Santhera May Market Muscular Dystrophy Drug on its Own in U.S.

Santhera Pharmaceuticals Holding AG may market a drug for a degenerative muscular disease on its own in the U.S. to secure a bigger share of revenue and longer patent protection.

The Swiss drug developer had been seeking a partner to promote Catena, a medicine for Duchenne muscular dystrophy, since May last year. Instead, Santhera may raise capital in the second half of the year to do the work itself in the U.S., Chief Executive Officer Thomas Meier said at a biotech industry meeting in Basel.

U.S. investors have encouraged Santhera to take that step, which would enable the company to keep its patent until 2027, Meier said. The drug won fast-track designation last week from the U.S. Food and Drug Administration, a status intended to speed the review of potential drugs for serious unmet needs.

“We would need access to 20-30 hospitals in order to launch an orphan drug product in the U.S.,” Meier said, a fraction of the approximately 200 treatment centers in the country that treat the rare disease. Santhera is already working with a non-profit group to identify which hospitals to target.

Armed with data from a late-stage trial that showed Catena delayed the loss of respiratory function in people with the condition, Santhera is preparing an application for U.S. approval and plans to meet with the FDA in coming weeks to discuss the drug.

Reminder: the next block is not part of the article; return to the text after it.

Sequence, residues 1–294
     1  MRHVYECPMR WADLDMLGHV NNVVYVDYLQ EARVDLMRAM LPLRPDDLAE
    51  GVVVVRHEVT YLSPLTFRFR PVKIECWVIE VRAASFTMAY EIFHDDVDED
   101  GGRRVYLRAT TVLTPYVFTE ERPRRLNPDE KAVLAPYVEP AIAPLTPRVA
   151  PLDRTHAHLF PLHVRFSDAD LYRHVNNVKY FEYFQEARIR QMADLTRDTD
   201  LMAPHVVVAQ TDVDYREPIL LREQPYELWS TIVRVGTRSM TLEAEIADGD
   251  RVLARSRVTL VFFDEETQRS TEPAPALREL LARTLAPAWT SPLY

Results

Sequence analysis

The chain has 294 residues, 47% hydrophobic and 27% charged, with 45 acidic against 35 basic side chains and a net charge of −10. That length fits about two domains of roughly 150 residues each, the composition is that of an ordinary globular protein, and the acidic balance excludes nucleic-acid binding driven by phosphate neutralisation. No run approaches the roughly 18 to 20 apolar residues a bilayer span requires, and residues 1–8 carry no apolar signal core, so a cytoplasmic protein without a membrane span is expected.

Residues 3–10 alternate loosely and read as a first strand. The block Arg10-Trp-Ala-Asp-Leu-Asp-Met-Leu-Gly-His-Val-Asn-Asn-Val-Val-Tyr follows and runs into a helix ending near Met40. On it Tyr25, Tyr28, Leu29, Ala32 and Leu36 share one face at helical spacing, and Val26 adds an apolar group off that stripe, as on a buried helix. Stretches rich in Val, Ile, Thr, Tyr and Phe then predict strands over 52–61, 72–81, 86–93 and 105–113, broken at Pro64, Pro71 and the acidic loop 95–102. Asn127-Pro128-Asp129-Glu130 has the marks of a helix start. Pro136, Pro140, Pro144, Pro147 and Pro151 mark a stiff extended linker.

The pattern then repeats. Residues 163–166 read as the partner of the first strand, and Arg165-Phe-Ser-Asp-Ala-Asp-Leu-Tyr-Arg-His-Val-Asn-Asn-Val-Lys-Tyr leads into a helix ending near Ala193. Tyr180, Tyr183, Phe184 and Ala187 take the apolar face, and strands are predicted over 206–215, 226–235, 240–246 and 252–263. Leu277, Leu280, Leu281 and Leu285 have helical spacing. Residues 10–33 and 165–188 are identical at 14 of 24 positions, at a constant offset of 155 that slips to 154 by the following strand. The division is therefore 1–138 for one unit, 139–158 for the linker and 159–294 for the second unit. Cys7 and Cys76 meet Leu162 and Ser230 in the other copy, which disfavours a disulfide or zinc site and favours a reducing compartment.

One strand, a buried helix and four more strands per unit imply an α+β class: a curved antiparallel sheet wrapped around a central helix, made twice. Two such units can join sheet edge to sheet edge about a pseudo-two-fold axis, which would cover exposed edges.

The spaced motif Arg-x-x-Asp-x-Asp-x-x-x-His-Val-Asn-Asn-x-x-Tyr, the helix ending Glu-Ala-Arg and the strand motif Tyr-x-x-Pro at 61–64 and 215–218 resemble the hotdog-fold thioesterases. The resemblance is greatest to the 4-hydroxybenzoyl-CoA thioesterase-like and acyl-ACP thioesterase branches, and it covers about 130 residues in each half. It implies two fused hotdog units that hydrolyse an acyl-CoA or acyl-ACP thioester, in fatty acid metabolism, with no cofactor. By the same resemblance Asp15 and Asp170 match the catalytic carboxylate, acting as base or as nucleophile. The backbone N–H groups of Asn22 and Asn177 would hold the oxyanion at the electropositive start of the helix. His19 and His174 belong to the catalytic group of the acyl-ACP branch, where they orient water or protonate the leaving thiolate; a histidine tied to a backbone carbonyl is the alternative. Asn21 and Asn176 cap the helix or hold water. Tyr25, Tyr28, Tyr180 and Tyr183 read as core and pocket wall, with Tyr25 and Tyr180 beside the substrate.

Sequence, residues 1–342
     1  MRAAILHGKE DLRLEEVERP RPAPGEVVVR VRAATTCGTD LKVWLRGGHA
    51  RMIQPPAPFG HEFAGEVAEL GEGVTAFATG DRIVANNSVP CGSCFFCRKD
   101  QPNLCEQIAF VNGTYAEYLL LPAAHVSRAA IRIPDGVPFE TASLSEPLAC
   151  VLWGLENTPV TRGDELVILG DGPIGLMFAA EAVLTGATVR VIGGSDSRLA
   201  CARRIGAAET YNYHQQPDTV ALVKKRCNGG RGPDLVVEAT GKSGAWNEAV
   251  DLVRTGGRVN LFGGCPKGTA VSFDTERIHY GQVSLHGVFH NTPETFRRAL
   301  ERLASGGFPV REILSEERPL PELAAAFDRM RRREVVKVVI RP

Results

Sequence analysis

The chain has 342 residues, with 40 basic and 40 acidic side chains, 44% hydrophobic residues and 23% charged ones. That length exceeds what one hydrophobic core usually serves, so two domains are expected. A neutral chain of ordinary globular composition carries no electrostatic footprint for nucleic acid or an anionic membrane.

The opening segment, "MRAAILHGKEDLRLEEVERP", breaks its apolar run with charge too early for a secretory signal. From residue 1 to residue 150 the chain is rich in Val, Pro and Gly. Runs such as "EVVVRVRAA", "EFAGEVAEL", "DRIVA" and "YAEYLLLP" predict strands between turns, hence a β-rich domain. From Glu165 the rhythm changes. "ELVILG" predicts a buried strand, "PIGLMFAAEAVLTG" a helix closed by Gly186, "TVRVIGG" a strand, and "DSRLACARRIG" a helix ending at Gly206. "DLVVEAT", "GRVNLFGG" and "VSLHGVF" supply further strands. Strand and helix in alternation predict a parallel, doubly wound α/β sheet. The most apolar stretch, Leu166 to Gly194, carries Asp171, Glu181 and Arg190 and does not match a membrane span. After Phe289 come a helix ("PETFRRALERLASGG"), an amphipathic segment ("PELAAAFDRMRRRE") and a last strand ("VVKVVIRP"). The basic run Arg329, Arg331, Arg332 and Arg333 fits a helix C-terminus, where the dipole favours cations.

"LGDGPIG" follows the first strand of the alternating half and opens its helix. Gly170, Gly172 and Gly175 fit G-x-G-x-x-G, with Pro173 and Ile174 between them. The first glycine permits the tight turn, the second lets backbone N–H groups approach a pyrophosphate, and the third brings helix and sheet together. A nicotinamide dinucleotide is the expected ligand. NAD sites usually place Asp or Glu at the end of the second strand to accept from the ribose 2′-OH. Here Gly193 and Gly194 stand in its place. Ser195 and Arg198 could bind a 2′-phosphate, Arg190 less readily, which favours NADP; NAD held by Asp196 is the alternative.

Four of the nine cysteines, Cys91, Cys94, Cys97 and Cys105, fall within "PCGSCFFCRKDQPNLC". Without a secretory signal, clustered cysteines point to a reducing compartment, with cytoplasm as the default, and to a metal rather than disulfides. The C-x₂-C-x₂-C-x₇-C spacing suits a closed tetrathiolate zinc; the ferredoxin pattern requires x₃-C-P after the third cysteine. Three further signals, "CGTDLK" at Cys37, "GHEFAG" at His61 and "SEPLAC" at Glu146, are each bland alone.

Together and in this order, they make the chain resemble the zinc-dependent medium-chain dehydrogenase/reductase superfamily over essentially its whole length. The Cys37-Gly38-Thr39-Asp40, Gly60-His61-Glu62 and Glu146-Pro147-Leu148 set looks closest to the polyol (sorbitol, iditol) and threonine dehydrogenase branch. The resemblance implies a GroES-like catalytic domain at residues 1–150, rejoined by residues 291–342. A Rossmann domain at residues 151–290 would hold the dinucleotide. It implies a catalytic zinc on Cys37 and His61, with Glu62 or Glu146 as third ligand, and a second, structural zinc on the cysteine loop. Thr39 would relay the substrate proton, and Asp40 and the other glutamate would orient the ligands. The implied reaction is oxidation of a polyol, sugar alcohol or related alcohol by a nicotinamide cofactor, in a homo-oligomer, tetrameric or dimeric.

Positive regulatory action related to Duchenne muscular dystrophy, or approval of the drug for a vision-loss condition, would probably make Santhera a takeover target, according to Simos Simeonidis, an analyst at RBC Capital Markets. For muscular dystrophy, the drug may generate about $535 million in peak sales in 2025 in the U.S. and Europe, he said.

Duchenne muscular dystrophy is a genetic disease that leads to muscle degeneration and premature death due to cardio-respiratory failure. Santhera is also developing the medicine as a treatment for Leber’s hereditary optic neuropathy, an inherited condition that causes vision loss. Catena is known as Raxone in Europe.

Santhera fell as much as 9.4 percent earlier today, the most in six months, after reporting that its net loss widened in 2014 to 7.5 million francs ($7.7 million). The stock has risen 28-fold in the last 12 months, the biggest gain among the 206 companies in the Swiss Performance Index. The shares were down 2.7 percent at 104 francs as of 3:01 p.m. in Zurich.

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